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Fisherman cast adrift for two months tells his remarkable tale of survival



Rolando Omongos at Manila airport. Picture courtesy of New St Andrew School, via Twitter

A young Filipino fisherman has flown home after surviving two months adrift at sea.

Rolando Omongos, aged 21, recounted his astonishing tale of survival when he arrived at Manila airport, three weeks after his rescue by a Japanese fishing vessel in waters off Papua New Guinea (PNG).

“I cried non-stop when I was finally rescued. I was too weak to stand up and they had to carry me,” he told reporters.

He described how he survived on rainwater and moss growing at the hull of his eight foot long boat, finding relief from the blazing sun by dipping himself into the water.

His 31-year-old uncle Reniel Omongos, who was on a second small boat, died after a month.

Rolando lashed the body on to his boat for a few days but later let it sink into the water when it began to smell.

The men had set off on December 21 with other fishermen aboard a fishing ship from General Santos.

The port at General Santos, which Rolando last saw shortly before Christmas

The port lies more than 2,000 miles northwest of the PNG island of New Britain, where rescuers later dropped Rolando.

He and his uncle were separated from their mother boat due to a storm on January 10, and they ran out of fuel five days later.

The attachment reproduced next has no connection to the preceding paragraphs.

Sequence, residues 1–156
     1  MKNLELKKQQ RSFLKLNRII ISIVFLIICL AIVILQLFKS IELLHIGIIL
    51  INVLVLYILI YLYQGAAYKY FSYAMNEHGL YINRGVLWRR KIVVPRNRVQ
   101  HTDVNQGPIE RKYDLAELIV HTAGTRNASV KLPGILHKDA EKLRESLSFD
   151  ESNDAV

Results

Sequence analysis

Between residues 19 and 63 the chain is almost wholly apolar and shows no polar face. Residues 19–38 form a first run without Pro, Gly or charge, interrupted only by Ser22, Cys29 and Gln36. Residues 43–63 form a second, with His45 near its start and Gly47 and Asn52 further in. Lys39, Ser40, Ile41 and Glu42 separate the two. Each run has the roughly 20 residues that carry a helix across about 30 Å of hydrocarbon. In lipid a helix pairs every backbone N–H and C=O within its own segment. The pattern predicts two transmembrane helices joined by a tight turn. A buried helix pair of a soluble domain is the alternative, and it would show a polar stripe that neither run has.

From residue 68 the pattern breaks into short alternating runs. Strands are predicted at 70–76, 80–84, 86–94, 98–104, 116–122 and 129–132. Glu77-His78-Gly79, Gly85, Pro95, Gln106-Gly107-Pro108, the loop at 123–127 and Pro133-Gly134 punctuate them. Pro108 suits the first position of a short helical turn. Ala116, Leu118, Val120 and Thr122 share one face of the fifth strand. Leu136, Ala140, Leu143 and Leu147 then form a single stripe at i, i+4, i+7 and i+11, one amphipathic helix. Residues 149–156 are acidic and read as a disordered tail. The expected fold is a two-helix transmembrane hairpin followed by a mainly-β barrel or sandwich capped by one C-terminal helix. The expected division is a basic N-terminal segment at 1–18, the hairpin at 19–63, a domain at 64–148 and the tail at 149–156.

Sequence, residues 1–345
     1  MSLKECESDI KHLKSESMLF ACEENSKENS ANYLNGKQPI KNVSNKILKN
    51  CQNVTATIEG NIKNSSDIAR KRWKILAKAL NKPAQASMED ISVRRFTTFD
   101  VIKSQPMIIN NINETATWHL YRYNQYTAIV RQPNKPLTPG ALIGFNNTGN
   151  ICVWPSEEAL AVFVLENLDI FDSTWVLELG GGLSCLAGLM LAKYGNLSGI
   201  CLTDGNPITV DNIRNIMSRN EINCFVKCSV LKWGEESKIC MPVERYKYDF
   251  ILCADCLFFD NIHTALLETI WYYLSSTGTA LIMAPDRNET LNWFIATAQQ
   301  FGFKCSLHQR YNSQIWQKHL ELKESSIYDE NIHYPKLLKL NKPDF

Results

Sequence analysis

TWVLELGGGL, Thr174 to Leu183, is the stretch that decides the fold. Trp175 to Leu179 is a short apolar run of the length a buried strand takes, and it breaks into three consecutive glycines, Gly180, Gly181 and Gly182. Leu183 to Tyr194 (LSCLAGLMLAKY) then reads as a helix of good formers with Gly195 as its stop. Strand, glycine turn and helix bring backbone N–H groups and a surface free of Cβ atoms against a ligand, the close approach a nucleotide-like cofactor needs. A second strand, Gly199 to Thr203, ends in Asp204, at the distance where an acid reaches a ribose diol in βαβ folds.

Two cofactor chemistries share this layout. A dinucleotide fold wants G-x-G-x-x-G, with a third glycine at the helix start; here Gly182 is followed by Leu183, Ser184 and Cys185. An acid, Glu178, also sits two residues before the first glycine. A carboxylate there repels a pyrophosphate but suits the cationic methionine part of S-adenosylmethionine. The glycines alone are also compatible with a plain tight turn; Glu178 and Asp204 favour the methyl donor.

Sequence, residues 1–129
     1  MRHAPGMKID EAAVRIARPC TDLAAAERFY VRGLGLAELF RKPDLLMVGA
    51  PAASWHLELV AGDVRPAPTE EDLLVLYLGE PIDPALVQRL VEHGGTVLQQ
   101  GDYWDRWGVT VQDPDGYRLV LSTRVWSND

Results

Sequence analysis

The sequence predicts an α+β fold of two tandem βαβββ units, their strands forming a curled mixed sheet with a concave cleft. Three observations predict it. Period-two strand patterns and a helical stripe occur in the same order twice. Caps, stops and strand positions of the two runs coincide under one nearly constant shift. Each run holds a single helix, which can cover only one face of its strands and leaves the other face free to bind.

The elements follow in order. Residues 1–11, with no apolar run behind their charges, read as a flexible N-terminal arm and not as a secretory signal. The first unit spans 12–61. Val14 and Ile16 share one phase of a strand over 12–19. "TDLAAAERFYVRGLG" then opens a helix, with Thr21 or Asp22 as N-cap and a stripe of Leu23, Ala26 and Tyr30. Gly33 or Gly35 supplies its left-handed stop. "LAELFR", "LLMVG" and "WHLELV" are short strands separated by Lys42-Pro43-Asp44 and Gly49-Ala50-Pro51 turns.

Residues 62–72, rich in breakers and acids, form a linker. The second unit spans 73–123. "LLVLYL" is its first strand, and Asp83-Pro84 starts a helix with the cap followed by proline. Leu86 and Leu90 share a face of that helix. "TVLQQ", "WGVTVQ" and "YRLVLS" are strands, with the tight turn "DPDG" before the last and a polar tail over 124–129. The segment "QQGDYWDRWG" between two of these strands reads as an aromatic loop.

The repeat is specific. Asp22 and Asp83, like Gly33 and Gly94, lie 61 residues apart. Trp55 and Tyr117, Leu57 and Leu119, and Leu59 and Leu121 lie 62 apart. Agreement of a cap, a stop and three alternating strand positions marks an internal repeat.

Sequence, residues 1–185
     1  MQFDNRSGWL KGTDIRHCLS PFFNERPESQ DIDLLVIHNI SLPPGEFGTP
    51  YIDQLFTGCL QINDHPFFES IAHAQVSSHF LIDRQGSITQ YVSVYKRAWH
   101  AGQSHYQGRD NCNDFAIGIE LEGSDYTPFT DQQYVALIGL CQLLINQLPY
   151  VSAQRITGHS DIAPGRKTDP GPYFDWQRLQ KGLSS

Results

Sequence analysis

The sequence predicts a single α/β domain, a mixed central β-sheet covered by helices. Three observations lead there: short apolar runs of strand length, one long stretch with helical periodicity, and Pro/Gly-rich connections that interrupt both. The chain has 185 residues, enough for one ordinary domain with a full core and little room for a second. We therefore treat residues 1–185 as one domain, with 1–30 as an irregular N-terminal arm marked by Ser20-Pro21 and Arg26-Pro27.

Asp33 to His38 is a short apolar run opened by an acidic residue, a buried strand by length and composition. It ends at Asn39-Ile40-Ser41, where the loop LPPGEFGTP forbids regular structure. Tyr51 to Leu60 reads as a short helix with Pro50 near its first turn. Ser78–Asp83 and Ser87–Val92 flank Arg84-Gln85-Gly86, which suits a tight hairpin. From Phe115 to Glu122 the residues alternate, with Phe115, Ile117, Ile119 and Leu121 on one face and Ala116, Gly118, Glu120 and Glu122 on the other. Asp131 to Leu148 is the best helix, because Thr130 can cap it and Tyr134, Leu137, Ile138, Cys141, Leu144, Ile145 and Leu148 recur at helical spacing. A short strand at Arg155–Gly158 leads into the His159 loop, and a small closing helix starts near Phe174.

They later threw their boat engines overboard so they would float higher and avoid being swamped by waves.

“No fewer than four vessels would pass us by each day. I would wave at them but they would not stop for us,” Rolando said.

He said the ships and fishing boats apparently failed to see their tiny vessels in the distance.

“I never lost hope. I was always praying,” he added. “I told myself, at least one of us had to get back home.”

When the Japanese fishing vessel Wakaba Maru found him, Rolando was weak and emaciated, having barely survived by eating moss every other day.

He was down to just over 44lbs — a little over three stone — from his original weight of about 130lbs.

The fisherman, who quit school after sixth grade, said he planned to rest after flying home to General Santos, but vowed never to set foot on a boat again.

“Maybe I will go back to school instead,” he added.